Can cats enjoy attachment disorders?
I got my kitten from the local shelter and learned his entire back-story. He and his littermates had be dropped off at the shelter before his eyes were begin, without a mother. Fortunately there was a queen in position to wean a litter, and she fostered the litter. Otherwise, the kittens were raised normally from the time they arrived, beside lots of volunteer love and handling to get them human contact.
At the same time my son brought home another kitten, who merely happened to be from the litter the foster-mother had just weaned.
The kitten my son brought domestic is "normal" as far as I know cat behavior (we've had cats before, I've been around them adjectives my life), with cuddles and play according to his mood. But my kitty boy doesn't want to be held close at all. He will sleep by my head at hours of darkness or curl up in the crook of my legs, but cuddling or other contact that could be considered "restraint" is absolutely a no-no. The closest I can come is whether he is already relaxed/napping I can get him to perch on me while I pet him.
I have been to the shelter since afterwards and the workers there tell me the whole litter is non-responsive and stiff whenever handle by humans. This despite the fact that they were hand-raised from before their eyes be open. They are so unresponsive to human touch the other littermates have not been adopt.
Is it possible that being removed from their mother so early left traumatic scar that prevent them from becoming close to humans? I miss having a cat that cuddles close on cold winter nights.
The with the sole purpose reason he sleeps with me at all is because we lock the cats surrounded by our bedrooms at night, my cat in my room, my son's cat in his room. The few times we gone the doors open my kitten never slept with me.
Also, could having a moment kitten be preventing him from bonding with us, because he is bonding with the other kitten instead?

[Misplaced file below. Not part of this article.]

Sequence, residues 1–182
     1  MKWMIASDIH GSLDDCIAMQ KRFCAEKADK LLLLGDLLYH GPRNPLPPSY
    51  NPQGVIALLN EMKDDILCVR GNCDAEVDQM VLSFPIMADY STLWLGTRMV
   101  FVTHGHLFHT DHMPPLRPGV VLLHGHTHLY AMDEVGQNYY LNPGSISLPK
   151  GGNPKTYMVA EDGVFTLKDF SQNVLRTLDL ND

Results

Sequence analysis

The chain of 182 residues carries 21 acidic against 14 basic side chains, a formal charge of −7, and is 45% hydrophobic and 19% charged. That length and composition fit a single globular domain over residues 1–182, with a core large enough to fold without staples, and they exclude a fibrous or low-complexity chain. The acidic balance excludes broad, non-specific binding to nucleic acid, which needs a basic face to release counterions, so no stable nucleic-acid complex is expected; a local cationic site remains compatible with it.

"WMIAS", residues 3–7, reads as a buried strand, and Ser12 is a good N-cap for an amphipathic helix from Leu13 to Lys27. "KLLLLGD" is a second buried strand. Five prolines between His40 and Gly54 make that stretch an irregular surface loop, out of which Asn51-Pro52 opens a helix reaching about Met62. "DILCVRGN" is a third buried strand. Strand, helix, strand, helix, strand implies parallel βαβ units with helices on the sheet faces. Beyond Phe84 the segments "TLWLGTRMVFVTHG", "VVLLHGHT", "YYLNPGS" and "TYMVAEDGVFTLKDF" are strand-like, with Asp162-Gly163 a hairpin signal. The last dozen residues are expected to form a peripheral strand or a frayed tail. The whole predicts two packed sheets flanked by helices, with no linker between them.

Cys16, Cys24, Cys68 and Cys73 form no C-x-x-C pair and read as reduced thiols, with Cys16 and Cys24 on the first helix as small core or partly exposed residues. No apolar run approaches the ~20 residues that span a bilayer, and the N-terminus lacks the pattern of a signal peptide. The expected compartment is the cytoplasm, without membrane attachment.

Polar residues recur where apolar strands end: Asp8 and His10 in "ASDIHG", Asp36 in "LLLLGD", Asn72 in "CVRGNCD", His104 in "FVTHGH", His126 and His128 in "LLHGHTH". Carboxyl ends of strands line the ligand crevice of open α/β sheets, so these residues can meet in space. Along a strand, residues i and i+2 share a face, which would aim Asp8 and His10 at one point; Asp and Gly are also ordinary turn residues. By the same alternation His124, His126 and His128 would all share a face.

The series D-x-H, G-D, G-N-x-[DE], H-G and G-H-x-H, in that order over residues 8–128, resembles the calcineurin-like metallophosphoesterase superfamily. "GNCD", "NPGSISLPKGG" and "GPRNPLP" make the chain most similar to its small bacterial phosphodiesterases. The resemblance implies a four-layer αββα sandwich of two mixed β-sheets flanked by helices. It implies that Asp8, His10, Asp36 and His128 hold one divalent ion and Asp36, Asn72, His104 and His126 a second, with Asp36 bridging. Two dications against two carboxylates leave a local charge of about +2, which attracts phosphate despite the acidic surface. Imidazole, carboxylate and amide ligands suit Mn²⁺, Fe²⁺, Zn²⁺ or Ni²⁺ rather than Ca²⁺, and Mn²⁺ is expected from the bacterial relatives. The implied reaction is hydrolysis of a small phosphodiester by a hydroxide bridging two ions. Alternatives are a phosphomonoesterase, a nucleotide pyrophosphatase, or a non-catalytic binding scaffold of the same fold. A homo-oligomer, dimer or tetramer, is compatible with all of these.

But the key here from what I'm wondering--is were they CAGE raise?
If they were only having contact while consumption, then that's going to have an effect of them.
If they were out and horsing around beside each other, with people, beside the surrigate mom cat, then they should be well adjusted.
It's not to say-so that as the cat matures you can't get them to adjust better. Some cats just bear time. Usually familiarity will make a cat feel sheltered and willing to have more body contact happen. You can also start this by doing a special food name when you have a bit of special food (1 teaspoon of baked chicken for instance) and going to find the cat, let him eat it as you do ONE stroke down his body. He associates the one stroke beside a good bit of food, maybe three times a day. Eventually you capture him used to the touch and it can be done without the food. I was able to take hands on with an outdoor feral that way.
*as long as the cat's not stern, plz don't return it to a shelter. it has a better home with you.
Both of my two cats are ex-feral kittens (from different litters) and whilst the male cat is more sociable and outgoing than the feminine, it wasn't until he was almost 2 years old that he begin to enjoy receiving affection of any kind. Since kittenhood, he other enjoyed sleeping close to us, but if you tried to stroke him, he would gently move your mitt away with his paw. All of my previous cats be very affectionate, so I used to find his rejection a bit hurtful (lol), but I just accepted that be how he was. He's now 3 and over the last year or so, he have become more affectionate and likes to rub his face against mine.
They say that cats don't develop their full self-image until they are around 2 years old, so perhaps your kitten will grow up to be more affectionate.